Many opera goers may not realize how much costume design is involved in telling a production’s story. Award-winning costume designer Kevin Pollard shared some interesting tidbits about how costume creation plays a role in informing the audience and moving the story forward in this season’s Akhnaten.
Most of what the world understands about the ancient Egyptian royals is theory, based on hieroglyphics and artifacts that captured the world’s attention in the 1920s, when Tutankhamen’s tomb was discovered. Pollard sought to find an innovative way of interpreting ancient Egypt while maintaining the awe of viewing a new world, never before seen. He has, through costume design, intricately woven together a simultaneous sense of history and the transition of time, as well as the struggles of both the royal family and their subjects.
Pollard’s costume design is an amalgam of worlds colliding – from ancient Egypt, to colonialism, to the present day – layered together. He began by focusing on the chorus. He started with a 1920s style but appearing partially mummified, rotted, and caked in mud and dried earth, as though the characters had been entombed for a long time. Topped with animal headdresses, depicting the ancient polytheistic gods, Pollard captures a world caught between its buried past and emerging future. The production’s jugglers tie into the same earthy feel, as the desert itself, with their color palette and fabric design representing the dry, cracked landscape.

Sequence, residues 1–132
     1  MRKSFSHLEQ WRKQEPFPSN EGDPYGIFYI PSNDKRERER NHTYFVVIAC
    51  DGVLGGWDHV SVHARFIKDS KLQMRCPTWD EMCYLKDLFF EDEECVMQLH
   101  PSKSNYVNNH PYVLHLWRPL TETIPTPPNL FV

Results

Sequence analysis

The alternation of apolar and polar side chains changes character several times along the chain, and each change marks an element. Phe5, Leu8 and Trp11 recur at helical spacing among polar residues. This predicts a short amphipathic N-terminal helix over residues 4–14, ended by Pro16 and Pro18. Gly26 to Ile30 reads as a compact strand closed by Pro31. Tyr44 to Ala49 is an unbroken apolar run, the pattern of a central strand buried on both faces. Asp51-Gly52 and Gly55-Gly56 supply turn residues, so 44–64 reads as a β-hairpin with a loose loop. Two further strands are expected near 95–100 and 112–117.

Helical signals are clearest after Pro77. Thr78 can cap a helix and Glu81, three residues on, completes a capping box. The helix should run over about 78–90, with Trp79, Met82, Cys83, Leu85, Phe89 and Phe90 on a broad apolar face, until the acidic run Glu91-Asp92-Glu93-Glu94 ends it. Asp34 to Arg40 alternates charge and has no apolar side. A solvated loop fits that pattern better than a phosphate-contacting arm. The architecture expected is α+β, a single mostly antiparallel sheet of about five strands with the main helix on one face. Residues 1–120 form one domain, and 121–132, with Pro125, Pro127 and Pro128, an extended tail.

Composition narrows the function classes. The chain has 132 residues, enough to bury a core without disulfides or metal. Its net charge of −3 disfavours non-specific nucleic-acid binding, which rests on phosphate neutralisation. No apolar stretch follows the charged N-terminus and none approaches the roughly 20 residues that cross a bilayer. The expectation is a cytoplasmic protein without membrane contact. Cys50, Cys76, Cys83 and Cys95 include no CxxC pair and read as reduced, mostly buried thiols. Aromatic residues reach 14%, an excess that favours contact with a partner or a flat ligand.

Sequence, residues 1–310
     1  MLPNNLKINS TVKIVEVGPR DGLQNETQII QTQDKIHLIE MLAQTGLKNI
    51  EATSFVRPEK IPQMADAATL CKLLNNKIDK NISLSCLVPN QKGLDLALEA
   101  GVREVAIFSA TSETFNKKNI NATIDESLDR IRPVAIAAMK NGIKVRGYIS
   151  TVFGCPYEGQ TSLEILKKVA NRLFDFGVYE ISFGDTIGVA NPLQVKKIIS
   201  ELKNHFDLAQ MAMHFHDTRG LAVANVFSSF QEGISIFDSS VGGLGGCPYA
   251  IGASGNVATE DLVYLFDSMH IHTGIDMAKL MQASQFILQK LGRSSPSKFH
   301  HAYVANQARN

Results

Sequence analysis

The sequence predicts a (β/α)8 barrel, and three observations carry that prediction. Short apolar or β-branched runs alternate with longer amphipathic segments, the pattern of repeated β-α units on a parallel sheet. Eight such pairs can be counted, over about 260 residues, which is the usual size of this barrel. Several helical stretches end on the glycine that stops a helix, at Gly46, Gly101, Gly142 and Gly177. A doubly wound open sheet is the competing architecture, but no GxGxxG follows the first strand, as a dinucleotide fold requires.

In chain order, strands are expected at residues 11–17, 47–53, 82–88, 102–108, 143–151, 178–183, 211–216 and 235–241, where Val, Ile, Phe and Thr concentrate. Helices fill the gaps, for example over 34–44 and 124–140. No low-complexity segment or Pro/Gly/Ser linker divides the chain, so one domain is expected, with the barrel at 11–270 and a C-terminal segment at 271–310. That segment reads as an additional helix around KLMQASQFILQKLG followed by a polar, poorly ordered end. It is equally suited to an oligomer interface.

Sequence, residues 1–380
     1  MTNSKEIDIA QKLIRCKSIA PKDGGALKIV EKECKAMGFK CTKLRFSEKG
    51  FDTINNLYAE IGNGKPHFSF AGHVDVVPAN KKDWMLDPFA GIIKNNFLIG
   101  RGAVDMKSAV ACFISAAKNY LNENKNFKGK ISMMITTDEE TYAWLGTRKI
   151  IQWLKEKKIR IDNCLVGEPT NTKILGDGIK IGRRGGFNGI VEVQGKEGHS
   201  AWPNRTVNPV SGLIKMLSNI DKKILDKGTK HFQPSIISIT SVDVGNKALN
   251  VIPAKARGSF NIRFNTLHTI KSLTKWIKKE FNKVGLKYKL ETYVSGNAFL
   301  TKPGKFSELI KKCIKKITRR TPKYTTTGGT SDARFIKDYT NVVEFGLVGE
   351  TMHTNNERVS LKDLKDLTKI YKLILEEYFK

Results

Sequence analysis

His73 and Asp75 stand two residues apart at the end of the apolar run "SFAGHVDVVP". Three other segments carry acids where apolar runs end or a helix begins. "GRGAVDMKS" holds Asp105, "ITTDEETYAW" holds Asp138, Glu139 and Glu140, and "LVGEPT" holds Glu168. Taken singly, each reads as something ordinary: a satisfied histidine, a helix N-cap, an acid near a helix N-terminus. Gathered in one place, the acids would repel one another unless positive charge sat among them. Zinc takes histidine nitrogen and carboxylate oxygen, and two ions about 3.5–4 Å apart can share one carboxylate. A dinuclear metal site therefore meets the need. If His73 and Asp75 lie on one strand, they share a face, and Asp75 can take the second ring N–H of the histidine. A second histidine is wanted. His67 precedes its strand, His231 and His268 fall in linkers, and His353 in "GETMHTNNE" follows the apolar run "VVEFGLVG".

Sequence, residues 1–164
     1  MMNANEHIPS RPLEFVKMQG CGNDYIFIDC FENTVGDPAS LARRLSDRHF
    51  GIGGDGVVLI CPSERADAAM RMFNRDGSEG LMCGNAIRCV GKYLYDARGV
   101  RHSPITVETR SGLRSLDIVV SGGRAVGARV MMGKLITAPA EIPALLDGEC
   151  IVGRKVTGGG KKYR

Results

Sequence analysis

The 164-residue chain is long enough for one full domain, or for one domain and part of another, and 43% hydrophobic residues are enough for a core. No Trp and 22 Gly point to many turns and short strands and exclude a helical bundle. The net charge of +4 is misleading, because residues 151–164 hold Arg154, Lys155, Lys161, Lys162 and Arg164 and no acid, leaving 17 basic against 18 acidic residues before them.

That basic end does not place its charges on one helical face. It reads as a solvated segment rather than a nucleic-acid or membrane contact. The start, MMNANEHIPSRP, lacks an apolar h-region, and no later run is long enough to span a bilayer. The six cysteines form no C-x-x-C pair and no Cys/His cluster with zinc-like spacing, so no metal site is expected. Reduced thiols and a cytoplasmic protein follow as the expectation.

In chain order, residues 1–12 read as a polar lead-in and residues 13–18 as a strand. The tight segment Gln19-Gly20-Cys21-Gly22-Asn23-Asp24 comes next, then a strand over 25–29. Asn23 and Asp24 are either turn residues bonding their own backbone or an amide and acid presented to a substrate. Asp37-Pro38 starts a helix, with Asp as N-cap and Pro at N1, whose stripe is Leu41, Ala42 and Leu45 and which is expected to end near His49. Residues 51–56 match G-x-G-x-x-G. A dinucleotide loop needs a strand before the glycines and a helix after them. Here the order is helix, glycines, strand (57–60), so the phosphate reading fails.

“Macbeth is a comedy if you’re a witch and a tragedy if you’re anyone else.”
The dancing witches in Macbeth are not your pointy hat, black-wearing, broom-flying witches. As the agents that drive the story, they are onstage virtually the entire time, lurking during every sinister choice that Macbeth and Lady Macbeth make in the opera. They move props. They haunt all of the characters and bring them to the darkest moments of their lives. We spoke with the nine women who play the witches about how they bring their hellish characters to life.
It all started at the audition.
While most dance auditions involve an incredible amount of specific movement and counting, the auditions for Macbeth were all about becoming witches.